Microsoft's Free Windows 10 Upgrade Offer Ends Today, Again

We have the feeling that deep down inside, Microsoft doesn't want to end its program to allow free upgrades to Windows 10. Microsoft officially ended free upgrades to Windows 10 for Windows 7 and Windows 8.x users on July 29th, 2016, but it still allowed customers that rely on assistive technologies to continue making the leap for free.
windows 10

The kicker here, however, is that even if you don't use assistive technologies in Windows, you can still take advantage of the free upgrade. So, for anyone that wants a legitimate Windows 10 license without having to fork over any money, this is about as good as it gets.

Microsoft originally said that its free upgrade for assistive technologies users would end on December 31st, 2017. However, that date passed and customers were still able to download a free copy of Windows 10. Microsoft then updated the language on its site to state:

If you use assistive technologies, you can upgrade to Windows 10 at no cost as Microsoft continues our efforts to improve the Windows 10 experience for people who use these technologies. Please take advantage of this offer before it expires on January 16th, 2018.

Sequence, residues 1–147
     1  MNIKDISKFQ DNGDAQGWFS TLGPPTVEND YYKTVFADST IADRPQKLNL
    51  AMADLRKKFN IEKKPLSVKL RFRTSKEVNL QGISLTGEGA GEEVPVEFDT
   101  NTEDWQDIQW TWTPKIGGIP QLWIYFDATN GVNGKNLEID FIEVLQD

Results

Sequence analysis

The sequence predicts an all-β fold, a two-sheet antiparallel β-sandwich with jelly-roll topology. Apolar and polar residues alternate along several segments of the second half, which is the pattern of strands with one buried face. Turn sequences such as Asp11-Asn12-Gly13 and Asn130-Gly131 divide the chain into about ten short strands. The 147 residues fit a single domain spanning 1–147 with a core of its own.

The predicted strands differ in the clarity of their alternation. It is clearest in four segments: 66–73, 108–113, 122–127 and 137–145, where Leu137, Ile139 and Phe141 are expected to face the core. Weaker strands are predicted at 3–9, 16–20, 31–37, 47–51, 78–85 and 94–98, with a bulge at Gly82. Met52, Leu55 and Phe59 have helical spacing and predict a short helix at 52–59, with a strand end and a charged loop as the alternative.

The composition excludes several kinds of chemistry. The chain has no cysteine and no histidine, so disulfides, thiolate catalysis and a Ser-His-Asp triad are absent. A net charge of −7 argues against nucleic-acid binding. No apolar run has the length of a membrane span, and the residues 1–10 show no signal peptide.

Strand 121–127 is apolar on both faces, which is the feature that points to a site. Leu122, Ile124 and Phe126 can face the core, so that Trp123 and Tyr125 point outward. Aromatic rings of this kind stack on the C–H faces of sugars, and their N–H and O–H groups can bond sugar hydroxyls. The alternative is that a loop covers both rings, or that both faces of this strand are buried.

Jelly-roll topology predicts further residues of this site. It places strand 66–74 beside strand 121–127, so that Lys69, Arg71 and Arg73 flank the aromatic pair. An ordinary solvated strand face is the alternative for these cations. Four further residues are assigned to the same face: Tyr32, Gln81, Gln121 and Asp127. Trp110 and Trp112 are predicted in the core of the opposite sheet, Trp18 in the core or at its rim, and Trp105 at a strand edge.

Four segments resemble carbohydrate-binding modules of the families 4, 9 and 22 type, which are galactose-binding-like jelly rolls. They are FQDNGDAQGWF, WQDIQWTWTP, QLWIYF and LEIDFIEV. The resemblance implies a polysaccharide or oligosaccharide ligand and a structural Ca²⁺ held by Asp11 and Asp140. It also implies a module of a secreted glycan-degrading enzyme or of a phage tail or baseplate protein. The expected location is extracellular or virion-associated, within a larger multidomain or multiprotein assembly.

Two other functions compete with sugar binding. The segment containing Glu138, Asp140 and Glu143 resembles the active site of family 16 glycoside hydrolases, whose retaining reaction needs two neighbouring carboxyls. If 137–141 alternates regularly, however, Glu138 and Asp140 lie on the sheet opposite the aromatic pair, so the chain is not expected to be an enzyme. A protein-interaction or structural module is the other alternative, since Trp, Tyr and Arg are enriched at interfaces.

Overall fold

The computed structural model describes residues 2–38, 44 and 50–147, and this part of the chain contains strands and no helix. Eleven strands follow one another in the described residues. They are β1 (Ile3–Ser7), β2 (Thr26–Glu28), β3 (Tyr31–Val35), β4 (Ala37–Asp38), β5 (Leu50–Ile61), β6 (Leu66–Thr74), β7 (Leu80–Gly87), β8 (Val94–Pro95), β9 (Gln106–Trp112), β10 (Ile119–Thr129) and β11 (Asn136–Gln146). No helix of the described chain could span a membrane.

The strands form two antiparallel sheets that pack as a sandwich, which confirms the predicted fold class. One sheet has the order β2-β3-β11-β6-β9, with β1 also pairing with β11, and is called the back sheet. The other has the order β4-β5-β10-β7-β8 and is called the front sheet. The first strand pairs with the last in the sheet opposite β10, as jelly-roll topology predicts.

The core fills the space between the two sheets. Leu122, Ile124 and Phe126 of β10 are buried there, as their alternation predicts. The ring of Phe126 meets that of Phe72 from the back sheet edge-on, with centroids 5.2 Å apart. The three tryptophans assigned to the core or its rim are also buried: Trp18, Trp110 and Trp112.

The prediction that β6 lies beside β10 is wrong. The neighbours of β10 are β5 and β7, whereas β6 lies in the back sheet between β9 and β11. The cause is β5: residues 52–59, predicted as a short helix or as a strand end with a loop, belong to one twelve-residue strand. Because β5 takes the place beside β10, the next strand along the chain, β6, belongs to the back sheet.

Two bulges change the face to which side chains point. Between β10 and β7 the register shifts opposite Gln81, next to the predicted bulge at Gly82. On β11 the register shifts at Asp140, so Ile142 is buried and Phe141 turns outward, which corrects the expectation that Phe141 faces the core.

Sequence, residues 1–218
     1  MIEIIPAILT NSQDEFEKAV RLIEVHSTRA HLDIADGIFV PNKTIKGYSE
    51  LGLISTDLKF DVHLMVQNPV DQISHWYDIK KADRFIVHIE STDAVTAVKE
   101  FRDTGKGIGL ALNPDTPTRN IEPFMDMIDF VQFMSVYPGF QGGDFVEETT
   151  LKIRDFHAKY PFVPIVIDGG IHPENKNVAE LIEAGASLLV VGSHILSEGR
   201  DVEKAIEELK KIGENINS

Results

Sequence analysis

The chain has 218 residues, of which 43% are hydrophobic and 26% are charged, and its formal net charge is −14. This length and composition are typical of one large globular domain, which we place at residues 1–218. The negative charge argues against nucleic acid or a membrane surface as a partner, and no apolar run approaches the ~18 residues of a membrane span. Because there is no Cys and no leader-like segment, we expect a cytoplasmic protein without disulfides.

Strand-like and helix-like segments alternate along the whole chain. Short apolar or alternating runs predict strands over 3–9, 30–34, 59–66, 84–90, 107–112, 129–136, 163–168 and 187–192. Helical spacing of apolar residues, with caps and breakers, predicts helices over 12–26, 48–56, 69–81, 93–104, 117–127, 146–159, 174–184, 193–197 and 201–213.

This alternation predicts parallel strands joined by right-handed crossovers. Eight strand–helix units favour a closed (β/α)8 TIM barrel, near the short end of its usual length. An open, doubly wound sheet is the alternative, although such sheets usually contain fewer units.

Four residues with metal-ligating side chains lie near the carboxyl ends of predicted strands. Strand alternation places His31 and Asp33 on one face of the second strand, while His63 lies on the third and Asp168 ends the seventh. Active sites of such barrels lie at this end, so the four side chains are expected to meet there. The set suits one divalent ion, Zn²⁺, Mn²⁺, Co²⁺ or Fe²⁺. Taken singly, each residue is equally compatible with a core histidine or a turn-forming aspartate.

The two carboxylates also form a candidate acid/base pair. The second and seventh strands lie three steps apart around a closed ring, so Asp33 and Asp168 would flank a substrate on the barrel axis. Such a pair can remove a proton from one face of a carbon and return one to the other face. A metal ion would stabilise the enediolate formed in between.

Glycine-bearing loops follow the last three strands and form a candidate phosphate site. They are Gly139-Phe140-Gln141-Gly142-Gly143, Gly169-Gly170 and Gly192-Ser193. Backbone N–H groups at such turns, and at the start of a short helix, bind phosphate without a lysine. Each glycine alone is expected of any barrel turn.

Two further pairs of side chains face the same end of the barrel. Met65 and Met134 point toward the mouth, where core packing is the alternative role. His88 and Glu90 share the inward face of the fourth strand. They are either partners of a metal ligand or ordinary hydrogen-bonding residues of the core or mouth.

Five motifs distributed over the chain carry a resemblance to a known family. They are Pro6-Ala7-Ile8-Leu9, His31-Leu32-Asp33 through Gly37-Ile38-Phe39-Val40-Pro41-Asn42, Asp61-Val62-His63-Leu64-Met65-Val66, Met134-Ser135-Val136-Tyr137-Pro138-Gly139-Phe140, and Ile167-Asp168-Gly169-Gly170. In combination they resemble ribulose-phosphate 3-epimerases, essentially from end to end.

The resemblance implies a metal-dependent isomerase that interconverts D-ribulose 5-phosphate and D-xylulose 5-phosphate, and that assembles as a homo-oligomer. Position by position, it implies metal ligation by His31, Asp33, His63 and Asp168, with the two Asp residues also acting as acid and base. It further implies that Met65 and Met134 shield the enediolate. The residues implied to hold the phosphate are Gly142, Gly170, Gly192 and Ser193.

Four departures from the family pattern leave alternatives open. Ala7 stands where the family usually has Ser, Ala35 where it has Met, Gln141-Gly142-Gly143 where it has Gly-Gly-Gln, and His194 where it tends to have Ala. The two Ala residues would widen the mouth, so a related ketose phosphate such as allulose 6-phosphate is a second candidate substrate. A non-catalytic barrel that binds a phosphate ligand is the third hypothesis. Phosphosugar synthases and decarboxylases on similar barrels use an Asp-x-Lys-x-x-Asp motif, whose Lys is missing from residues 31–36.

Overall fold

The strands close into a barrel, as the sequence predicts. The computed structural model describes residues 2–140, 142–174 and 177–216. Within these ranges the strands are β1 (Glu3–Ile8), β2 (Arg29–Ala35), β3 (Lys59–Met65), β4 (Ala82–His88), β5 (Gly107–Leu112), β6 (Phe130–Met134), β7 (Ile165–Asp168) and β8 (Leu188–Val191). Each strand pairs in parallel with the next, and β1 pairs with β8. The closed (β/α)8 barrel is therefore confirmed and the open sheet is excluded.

Well, today is the day, which means that if Microsoft is true to its word, you will no longer be able to download the Windows 10 installer tomorrow. Freeloaders will have to either upgrade all of their machines by this evening or prepare to fork over $100+ for a license for each computer. In other words, the party's over pal... or is it?

Given that Windows 10 has been offered [uninterrupted] as a free upgrade in some form or since its release, it doesn't really make much sense for Microsoft to end the program now. After all, the company got cold feet on December 31st, and it could very well change its mind again tomorrow.

windows 10 offer

It's likely that only techies and people who genuinely need assistive technologies even know that the free upgrade "loophole" still exists anyway, and most enthusiasts have probably already upgraded to Windows 10 (or at least have obtained their free license key by now). The majority of legacy Windows users who still need to upgrade will likely go through the normal channels to do so, forking over money for a digital download.

So, what exactly does Microsoft have to lose by keeping this loophole open?